Salvation Army Donation Etiquette

Jingle, Jangle, Jingle for the po’
And once you get your welfare check
Yo kiss my mistletoe
Ho Ho Ho
Ho Ho Ho

-Xmas Rap, by Treacherous Three

The Holidays are a time for giving. I truly believe this. Help those in need to make their holiday season a little better. I hope we can all agree on this.

There are times when you may be thinking, “Enough is too much” (thanks to Father Owl from the I Love to Singa cartoon for that phrase), as there are simply more needy charitable organizations than paper bills in your wallet.

Today’s post will try to help save some sanity when it comes to donating for one very noticeable holiday charitable organization, the Salvation Army.

Salvation Army volunteers and their recognizable red kettles stand outside retail stores during November and December ringing bells, sometimes playing recorded carols on an outdated and shoddy radio, to passerbys to spur up donations. These red kettles seem to be at multiple stores in your town and when you’re running numerous holiday errands they just seem to be everywhere.

On your first approach seeing the Salvation Army kettle you hand a dollar or some loose change, but by the 186th time seeing the bell ringer and having no change in your pocket your entry/exit strategy does change.

Here are some tips to help you navigate the red kettle blues that you may experience this holiday season.

I’ve Got a Little Change in My Pocket Going Jingle Lingle Ling
Feeling generous? Use these tips to maximize your donation appeal.

Generous Jackson– if by chance you have a $20 note burning a hole in your pocket, wait until one or two days before Christmas to donate. This will give you full holiday happiness to both you and the volunteer. (Called the Generous Jackson since the $20 features President Jackson on the front of the bill.)

Tip: Act like George Costanza and make sure that the volunteer clearly sees that you are donating large to the cause. Anything less may leave you with a big ‘ole cherry pit in your stomach.

High Five – identify how many $5 that you are willing to cough up by the first week of December, then use this formula: one five for every week before Christmas. So for example, you feel like donating $15 (that would be 3 five dollar bills), you would begin to donate one $5 bill starting the week of December 8th.

Tip: it is advisable to avoid the $5 strategy. Either go large with the $20 donation or the several singe technique.

Several Singles – never throw a wad of singles into the kettle, instead maximize their length by donating one single at a time. This will ensure maximum happiness as you will be donating as long as the singles allow.

Tip: to avoid bankruptcy be sure to carry less than $10 in singles. If you have over $50 in singles, 1) you are crazy and 2) it becomes way to easy to donate your life savings.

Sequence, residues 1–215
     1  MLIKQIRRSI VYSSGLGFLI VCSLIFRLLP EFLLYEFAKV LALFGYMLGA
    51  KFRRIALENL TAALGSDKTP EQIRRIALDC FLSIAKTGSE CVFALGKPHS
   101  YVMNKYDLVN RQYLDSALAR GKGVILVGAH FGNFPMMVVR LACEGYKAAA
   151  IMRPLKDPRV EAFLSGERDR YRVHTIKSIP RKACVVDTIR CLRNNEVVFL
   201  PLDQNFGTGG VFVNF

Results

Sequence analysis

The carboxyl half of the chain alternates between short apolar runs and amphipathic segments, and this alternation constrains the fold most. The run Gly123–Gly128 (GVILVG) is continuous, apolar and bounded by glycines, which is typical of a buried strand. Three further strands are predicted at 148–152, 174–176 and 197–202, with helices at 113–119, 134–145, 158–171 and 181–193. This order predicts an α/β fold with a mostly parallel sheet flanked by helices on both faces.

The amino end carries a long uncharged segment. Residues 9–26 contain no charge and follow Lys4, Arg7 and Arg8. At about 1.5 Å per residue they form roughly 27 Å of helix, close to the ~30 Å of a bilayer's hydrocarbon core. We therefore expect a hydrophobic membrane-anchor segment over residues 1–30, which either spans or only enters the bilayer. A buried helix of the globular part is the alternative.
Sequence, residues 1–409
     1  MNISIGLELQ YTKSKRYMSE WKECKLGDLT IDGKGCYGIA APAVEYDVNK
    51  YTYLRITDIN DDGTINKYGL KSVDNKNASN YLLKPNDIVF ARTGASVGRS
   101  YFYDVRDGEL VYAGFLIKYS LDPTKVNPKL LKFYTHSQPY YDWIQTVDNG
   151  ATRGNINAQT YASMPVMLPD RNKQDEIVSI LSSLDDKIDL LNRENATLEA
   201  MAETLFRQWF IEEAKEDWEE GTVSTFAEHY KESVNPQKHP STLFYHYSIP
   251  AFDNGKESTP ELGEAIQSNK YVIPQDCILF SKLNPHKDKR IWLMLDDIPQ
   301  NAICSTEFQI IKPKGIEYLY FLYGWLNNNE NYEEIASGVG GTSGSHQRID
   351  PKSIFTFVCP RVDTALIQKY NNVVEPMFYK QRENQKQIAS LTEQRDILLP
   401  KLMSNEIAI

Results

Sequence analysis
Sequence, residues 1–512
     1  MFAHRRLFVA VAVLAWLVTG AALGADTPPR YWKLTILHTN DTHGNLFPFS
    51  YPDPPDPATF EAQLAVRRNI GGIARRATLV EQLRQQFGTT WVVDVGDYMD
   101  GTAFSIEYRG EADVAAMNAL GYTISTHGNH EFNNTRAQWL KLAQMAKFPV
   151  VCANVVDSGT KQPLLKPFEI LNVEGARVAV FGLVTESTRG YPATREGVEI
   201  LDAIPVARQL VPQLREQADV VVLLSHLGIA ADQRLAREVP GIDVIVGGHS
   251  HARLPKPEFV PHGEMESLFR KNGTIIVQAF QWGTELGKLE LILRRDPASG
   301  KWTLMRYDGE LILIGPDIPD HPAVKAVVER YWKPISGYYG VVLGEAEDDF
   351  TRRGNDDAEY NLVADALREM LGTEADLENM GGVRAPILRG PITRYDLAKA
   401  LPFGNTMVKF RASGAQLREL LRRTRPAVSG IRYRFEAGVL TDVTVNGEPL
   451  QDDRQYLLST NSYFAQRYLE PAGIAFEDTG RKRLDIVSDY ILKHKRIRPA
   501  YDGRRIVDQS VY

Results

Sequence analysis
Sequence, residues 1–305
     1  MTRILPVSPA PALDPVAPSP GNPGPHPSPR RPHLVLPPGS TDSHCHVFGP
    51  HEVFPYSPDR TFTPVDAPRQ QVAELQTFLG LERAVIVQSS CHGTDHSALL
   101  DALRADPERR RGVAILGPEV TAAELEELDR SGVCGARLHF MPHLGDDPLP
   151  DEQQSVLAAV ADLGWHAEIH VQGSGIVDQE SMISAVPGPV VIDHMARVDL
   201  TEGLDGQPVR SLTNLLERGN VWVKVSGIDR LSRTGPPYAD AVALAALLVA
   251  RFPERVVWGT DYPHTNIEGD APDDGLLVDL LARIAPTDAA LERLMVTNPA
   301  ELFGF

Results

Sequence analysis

Loosey Goosey Change – throw your change into the kettle liberally.

Tip: be sure to make a wish as if you were throwing pennies into a wishing well. Santa is always watching and listening and you may just end up with the giant red bow wrapped around a Lexus come the morn of December 25th.

Empty Pockets
If you have no money and you don’t want to have that awkward moment when you feel the Salvation Army volunteer judging you for not donating use these tips to feel guilt free.

Store with only one door in and one door out – this is the most dreaded scenario, but no worries, remain calm and remember your lesson young Padawan.

  • Entering: simply accelerate your walking pace to something short of a light jog, eyes on the ground to avoid all eye contact.
  • Exiting: maintain the same fast pace but this time, place your line of sight in between the volunteer’s eyes and the ground and above the sound of a soft whisper wish the volunteer a Happy Holiday.

Tip: don’t ever think that throwing coupons or used candy wrappers in the kettle is acceptable.

Store with two separate entryways – scope out which door the volunteer is working and simply use the other door. No need to increase your pace or have a hanging head. Do your business as usual.

Tip: be sure to glance at the other entry way and judge those that you notice are not donating to the red kettle.
So there you have it, a quick holiday donation guide to help you avoid bankruptcy this season!

Need more Holiday Etiquette? Check out this post on Christmas Card Etiquette.


2 thoughts on “Salvation Army Donation Etiquette

  1. Pingback: The little things…. | Deidre Swain The Late In Life Socialite...

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